How tolerant are white working-class people towards racialized ‘others’?
Traditionally, white working-class people have been depicted in the media as being ‘unable to keep pace with the demands associated with living in multicultural Britain’. New research published in Ethnic and Racial Studies challenges this portrayal.
Basing her article on the interactions of a white-working class family living in an ethnically diverse neighbourhood, Katharine Tyler suggests that the stereotypes and caricatures of white working-class people that are used in political and media discourse are too ‘simplistic’.
Tyler explains that ‘white working-class people have been portrayed in the media as unable to manage and negotiate the social, economic, political and personal demands that come from living in multicultural Britain’. Her analysis of the interactions of the family ‘connects them with their BrAsian neighbours rather than re-inscribing racial division’.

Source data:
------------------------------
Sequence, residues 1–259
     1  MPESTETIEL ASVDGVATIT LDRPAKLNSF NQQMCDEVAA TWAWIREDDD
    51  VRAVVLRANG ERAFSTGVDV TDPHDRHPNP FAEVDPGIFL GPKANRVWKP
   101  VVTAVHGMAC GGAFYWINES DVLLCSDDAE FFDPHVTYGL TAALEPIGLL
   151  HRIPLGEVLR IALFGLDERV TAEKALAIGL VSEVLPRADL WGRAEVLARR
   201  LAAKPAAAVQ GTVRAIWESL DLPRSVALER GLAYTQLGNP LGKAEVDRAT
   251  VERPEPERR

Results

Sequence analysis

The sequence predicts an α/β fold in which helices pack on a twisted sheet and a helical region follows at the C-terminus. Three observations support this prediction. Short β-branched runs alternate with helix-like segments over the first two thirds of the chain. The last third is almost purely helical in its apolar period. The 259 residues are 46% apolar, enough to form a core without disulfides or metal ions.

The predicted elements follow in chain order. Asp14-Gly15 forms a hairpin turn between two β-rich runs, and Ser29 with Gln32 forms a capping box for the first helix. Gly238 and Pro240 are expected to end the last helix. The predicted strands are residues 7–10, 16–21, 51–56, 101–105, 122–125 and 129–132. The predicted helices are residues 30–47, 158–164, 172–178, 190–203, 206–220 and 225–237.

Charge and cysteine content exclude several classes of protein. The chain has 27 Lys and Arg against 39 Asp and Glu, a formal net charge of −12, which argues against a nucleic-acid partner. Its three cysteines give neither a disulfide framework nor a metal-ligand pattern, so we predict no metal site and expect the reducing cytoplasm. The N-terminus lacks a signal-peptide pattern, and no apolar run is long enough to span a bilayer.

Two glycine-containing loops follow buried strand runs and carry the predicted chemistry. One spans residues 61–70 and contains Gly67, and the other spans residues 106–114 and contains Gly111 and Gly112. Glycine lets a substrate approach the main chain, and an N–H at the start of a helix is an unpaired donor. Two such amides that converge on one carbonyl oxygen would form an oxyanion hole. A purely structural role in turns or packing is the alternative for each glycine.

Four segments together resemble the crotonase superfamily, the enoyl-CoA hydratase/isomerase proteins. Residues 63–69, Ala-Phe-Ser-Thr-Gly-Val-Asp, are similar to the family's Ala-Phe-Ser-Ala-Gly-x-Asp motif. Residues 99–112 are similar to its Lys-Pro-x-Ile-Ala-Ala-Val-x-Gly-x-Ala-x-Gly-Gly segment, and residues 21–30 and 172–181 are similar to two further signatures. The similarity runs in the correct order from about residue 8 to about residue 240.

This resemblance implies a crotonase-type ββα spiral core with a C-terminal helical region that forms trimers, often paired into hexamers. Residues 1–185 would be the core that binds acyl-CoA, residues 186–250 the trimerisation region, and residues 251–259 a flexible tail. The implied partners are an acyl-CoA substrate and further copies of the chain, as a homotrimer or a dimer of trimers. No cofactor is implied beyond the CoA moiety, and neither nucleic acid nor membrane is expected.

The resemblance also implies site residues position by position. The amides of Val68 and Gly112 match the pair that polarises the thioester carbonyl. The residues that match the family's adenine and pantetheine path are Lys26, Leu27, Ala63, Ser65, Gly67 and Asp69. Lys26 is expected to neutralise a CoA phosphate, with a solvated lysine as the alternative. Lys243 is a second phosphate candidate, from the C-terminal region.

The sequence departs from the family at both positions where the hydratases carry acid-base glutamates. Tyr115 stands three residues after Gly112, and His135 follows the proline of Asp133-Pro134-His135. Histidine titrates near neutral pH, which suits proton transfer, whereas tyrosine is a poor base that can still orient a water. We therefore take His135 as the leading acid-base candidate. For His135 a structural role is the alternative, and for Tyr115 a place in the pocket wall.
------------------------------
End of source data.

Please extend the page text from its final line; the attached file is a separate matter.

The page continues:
Also making reference to X Factor’s Gamu-gate, the research provides a fresh perspective on the level of tolerance and acceptance of white working-class Britons towards racialized ‘others’.
Read the full article, free of charge, online at: www.tandfonline.com/doi/full/10.1080/01419870.2014.992923
NOTE TO JOURNALISTS AND EDITORS
Please reference the article as “Attachments and connections: a ‘white working-class’ English family's relationships with their BrAsian ‘Pakistani’ neighbours”, by Katharine Tyler, Ethnic and Racial Studies, published by Routledge, Taylor & Francis.
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